ROME, January 29, 2014 (LifeSiteNews.com) – Archbishop Fernando Sebastián Aguilar is under fire from a Spanish homosexualist group who have launched legal action against him for comments that it is “not an insult” to say that homosexuality is a psychological disorder.

The Archbishop, a retired theologian who was recently named as one of Pope Francis’ new batch of cardinals-elect, was blasted by the international press when he told a Spanish newspaper last week, “Homosexuality is a defective manner of expressing sexuality, because [sex] has a structure and a purpose, which is procreation.”

“A homosexual who can’t achieve procreation is failing,” he said. “Our bodies have many defects. I have high blood pressure, a defect I have to try and correct in whatever way I can.”

“To say that homosexuality is a defect is not an insult,” he added. “It helps because in many cases of homosexuality it is possible to recover and become normal with the right treatment.” 

One of Spain’s leading homosexulist groups, Colegas, at first responded with a statement inviting Sebastián to a meeting “to know firsthand our concerns and problems, and that such statements can only be the result of ignorance and misinformation.”

“Statements like yours only cause pain and suffering to many believers,” the group added. “Your attitude can ‘normalize’ this ‘treatment’ of information, proximity and tolerance that we recommend.”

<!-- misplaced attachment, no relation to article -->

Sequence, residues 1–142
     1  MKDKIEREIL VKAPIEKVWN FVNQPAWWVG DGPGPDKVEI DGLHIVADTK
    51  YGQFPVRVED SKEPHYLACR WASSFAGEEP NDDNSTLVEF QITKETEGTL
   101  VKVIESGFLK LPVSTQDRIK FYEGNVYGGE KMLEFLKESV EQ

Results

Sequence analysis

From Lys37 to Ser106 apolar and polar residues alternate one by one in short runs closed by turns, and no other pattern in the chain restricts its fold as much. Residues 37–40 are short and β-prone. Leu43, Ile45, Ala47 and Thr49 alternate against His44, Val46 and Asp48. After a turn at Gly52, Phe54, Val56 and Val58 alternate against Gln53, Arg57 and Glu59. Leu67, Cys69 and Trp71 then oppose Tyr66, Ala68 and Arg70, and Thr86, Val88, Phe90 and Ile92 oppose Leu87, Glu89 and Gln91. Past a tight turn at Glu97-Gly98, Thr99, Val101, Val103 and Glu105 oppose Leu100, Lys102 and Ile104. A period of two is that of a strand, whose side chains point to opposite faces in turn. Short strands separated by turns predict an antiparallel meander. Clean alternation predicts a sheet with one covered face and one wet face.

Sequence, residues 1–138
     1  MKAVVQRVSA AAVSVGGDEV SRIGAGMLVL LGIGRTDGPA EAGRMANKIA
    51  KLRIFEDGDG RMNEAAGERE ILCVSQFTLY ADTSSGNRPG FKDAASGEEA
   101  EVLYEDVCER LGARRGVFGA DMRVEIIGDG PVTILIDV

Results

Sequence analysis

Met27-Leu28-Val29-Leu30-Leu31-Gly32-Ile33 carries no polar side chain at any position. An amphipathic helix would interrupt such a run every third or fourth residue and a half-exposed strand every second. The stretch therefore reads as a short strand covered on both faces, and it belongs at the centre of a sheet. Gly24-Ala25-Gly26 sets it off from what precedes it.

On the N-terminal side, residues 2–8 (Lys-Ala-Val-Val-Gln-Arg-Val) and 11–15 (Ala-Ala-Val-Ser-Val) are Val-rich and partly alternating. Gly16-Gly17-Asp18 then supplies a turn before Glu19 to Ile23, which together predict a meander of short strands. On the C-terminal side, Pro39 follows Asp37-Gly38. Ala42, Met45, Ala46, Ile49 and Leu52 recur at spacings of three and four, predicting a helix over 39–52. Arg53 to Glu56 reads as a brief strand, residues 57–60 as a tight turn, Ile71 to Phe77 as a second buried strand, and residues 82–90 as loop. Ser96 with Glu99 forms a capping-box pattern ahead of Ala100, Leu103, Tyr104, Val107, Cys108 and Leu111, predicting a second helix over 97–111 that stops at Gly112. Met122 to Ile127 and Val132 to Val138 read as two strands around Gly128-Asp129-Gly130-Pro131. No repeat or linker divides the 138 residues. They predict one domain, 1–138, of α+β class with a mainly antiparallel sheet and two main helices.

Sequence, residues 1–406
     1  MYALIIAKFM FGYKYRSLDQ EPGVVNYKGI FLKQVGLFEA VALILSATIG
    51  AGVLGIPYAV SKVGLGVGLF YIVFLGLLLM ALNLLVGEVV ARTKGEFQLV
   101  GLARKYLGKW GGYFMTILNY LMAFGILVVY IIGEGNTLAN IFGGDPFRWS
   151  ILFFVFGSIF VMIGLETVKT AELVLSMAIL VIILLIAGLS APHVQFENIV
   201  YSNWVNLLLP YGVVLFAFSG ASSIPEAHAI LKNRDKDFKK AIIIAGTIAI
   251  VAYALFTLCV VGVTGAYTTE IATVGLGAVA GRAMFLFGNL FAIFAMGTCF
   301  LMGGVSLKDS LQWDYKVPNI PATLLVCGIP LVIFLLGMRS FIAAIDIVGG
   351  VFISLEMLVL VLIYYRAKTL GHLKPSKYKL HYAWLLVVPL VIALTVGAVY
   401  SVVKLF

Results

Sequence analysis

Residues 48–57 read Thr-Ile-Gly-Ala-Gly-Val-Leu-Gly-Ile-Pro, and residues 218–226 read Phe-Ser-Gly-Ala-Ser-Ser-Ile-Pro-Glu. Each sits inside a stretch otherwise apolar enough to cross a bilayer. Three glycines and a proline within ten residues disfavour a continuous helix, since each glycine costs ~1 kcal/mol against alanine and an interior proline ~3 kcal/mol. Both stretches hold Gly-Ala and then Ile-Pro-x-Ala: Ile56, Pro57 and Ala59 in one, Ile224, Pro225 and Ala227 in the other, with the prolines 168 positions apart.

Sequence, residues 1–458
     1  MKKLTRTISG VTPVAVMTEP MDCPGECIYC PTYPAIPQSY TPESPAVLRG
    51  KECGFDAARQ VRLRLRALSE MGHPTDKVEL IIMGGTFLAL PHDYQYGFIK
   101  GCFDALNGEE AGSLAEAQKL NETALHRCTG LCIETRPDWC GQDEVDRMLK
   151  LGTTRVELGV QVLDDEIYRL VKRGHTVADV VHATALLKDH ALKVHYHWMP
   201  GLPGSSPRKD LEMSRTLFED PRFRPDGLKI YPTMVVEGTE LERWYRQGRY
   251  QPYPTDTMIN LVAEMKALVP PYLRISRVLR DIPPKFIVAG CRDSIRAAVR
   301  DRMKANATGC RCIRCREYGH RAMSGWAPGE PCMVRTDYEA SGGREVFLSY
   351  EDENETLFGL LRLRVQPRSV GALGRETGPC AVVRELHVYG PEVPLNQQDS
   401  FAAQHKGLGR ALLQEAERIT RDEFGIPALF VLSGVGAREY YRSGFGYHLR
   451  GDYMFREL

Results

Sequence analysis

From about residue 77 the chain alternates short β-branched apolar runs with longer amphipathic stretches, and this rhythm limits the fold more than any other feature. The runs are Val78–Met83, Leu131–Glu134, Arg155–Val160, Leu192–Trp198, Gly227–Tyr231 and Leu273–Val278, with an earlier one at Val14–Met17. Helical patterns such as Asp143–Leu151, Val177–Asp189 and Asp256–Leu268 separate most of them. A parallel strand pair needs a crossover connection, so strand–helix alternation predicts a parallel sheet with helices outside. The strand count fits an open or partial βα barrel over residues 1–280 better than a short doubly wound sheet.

Now Colegas has filed a complaint with authorities against the cardinal-elect, saying he has broken article 510 of Spain’s penal code, which allows for fines and jail terms of up to three years for inciting “to hatred and violence”.

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“Spain is a modern country and a secular one, and these types of declarations from the church have to be punished because they [members of the church] are the least qualified to talk about sexual deficiencies, above all because they have hidden cases of child abuse and paedophilia,” Colegas president Antonio Ferre said after filing the complaint. 

The homosexualist movement lobbied hard in the late sixties, at the height of the sexual revolution, to have homosexuality removed from psychiatric diagnostic manuals. This goal was accomplished in 1973, when the American Psychiatric Association (APA) became the first to remove it from the Diagnostic and Statistical Manual of Mental Disorders (DSM-II). Since then, activists in the movement have used their success to good effect in many jurisdictions.

In 2009, Colegas made a similar threat against Professor Gloria Maria Tomas of the Catholic University of Murcia, who told a conference audience that homosexuality is “intrinsically disordered” and that it was only removed from the lists of psychological pathologies after political pressure from gay lobbyists. 

In Britain and Ireland, activists are putting pressure on Christian psychotherapists who maintain that people with unwanted same-sex attraction have the right to seek therapy. Therapists in the UK have faced being “struck off” from their professional accreditation bodies, a result that makes it nearly impossible for them to practice.